The Los Angeles County Board of Supervisors has approved a plan for additional improvements along the Ballona Creek bicycle trail in an effort to enhance users’ experience and the connectivity to other trails.
The supervisors voted Oct. 11 to expand the scope of trail improvements for the Mountains Recreation and Conservation Authority’s Ballona Creek to Parks Connection Loop Project, a section of the 13-mile-long Park to Playa Trail, which connects a number of area parks.
The expansion will allow for additional amenities such as decorative gates, native planting and signage on portions of the trail between the Baldwin Hills area and the ocean.
The scope of the project was expanded from decorative gates, interpretive, wayfinding and connection route signage and artwork at three trail gateways to improvements along the entire Park to Playa connection route.
The board additionally voted to award a grant amendment to the Mountains Recreation and Conservation Authority (MRCA) for the expanded improvements to the Ballona Creek bicycle trail. The project will be funded with $700,000 in previously allocated funds from the Second Supervisorial District and $150,000 in environmental enhancement program funds.
The majority of the funds will be used to develop a half-mile-long greenway with native grasses along Ballona Creek just west of the 405 Freeway in Mar Vista, said Sharita Moon, spokeswoman for Supervisor Mark Ridley-Thomas.
“This effort is consistent with the supervisor’s larger commitment to green the creek and make it more of a pleasant and naturalized place to recreate and enjoy wildlife,” Moon said.
“It also ties into our larger ‘Park to Playa’ effort – the first regional multi-use trail in the Second District to connect the beach to Baldwin Hills through Ballona Creek.”
Dash Stolarz, spokeswoman for the MRCA, said the expanded project scope will allow for upgrades to make the trail more usable and fun for the public and easier to access other parks outside of Ballona on their bicycles.
The MRCA, which is dedicated to the preservation and management of local open space and parkland, is excited to be able to offer trail users the chance to take advantage of various amenities as they travel between the mountains and the beach, said Barbara Romero, the chief of urban projects for MRCA.
“We think it’s an exciting opportunity because at the end of the day, users just want to have an easy experience when they want to access other trails,” she said.
At public workshops on the Park to Playa Feasibility Study, attendees offered some recommendations for the Ballona Creek path, including landscaping flowers like poppies, and ensuring separation of bicyclists and pedestrians on the path.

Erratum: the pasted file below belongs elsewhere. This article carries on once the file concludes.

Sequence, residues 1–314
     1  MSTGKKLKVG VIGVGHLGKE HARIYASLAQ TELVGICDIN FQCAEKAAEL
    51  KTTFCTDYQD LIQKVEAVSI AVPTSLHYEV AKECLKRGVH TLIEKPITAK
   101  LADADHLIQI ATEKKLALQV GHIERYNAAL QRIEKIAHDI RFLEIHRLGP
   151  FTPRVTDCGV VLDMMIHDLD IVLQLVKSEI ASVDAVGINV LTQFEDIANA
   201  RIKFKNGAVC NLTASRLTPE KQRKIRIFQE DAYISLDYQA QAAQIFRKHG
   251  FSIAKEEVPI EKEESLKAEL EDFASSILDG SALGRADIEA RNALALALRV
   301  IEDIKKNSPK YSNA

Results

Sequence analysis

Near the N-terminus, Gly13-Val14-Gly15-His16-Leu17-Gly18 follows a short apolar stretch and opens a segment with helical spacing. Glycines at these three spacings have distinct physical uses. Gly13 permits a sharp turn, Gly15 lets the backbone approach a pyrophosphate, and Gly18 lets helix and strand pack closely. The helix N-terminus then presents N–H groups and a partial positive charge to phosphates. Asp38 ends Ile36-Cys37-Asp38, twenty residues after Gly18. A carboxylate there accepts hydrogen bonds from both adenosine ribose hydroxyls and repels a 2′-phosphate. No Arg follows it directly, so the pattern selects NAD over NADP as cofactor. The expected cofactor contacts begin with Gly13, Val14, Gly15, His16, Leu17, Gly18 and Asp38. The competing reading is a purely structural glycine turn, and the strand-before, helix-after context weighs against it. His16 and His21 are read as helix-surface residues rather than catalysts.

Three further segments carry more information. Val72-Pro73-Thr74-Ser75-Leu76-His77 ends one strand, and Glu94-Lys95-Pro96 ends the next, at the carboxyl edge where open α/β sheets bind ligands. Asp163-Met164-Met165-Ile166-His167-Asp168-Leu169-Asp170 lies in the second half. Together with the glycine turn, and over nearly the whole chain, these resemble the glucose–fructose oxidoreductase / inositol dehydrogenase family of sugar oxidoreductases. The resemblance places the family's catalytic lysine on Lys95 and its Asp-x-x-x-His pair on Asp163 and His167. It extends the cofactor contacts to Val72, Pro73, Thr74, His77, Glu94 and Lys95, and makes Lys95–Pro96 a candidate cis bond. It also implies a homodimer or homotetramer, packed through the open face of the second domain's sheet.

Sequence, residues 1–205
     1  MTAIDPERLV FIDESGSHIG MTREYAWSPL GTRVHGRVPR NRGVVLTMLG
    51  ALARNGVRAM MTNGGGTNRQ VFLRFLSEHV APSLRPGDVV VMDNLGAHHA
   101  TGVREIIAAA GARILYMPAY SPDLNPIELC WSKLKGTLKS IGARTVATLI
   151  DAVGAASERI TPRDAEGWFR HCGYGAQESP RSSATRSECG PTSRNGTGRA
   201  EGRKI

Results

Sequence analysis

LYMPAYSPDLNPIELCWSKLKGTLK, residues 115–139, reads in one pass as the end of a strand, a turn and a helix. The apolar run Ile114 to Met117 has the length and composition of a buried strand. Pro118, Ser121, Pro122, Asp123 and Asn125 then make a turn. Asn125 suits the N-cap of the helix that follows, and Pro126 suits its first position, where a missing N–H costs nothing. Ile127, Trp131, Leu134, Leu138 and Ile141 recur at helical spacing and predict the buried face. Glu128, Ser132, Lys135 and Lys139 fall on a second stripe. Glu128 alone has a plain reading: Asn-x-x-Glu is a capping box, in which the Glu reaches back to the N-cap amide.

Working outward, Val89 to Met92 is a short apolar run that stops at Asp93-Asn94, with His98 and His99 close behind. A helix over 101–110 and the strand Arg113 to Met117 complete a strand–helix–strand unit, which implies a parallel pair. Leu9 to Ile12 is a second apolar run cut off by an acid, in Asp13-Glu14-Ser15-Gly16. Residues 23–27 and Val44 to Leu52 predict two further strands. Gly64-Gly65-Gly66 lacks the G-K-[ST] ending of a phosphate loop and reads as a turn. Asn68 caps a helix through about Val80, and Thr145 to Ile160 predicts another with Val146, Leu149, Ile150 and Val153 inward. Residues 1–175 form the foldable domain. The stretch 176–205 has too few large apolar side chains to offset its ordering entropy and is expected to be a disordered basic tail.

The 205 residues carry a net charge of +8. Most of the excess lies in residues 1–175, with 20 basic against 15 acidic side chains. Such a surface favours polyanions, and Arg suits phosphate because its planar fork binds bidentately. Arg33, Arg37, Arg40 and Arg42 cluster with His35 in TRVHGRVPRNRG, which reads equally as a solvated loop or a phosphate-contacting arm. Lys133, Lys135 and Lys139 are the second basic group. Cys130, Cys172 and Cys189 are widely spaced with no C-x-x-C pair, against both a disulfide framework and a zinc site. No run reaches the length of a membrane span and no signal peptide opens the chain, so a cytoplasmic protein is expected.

The expanded scope of the Ballona project comes after the MRCA implemented a new signage and public safety enhancement program along the Ballona trail early this summer. The project included 12 coordinated, interpretive exhibits, 14,000 linear feet of new bike path striping and seven coordinated Ballona Creek identification signs.
Other improvements included new gateways to the trail and bike path at Sepulveda Boulevard, Inglewood Boulevard, McConnell Avenue and Centinela Avenue that feature artist-designed decorative gates, native plant landscaping, seating, drinking fountains and bike racks.
Officials with the authority say these improvements have dramatically modernized the bike path, encouraged increased recreational use and enhanced the neighborhoods in which they have been developed.
All of the gateways now include newly installed interpretive signs. The signs, which were extensively researched with assistance from local project partners and experts on the creek’s history, provide information about local birds, native plants, fish, the watershed and the history of the creek.
In addition, aerial locator maps at key locations help to identify area parks, bike routes, various access points to the bike path and other information about how to help keep Ballona Creek and the Santa Monica Bay clean.
Romero noted that with the grant funding, the MRCA will begin to look at what other access points along the trail could use similar improvements.
Del Rey resident Howard Hackett, an avid user of the Ballona bicycle path, said the recent improvements have made it a more pleasant experience to ride the trail and the exhibits can help inform people about the creek.
“With the new signs put up, people now know this is an access to the creek. That signage all helps,” he said.
Kent Strumpell, a Westchester resident and member of the City of Los Angeles Bicycle Advisory Committee, concurred that the new improvements have enhanced the trail and encourage more people to use it.
“It makes it more pleasant and it informs people as well with the interpretive exhibits,” Strumpell said.
He noted that wayfinding signage is important for cyclists and users of the trail, particularly on the Ballona path, which is somewhat isolated from the fabric of the city, to alert them to the destinations they are seeking.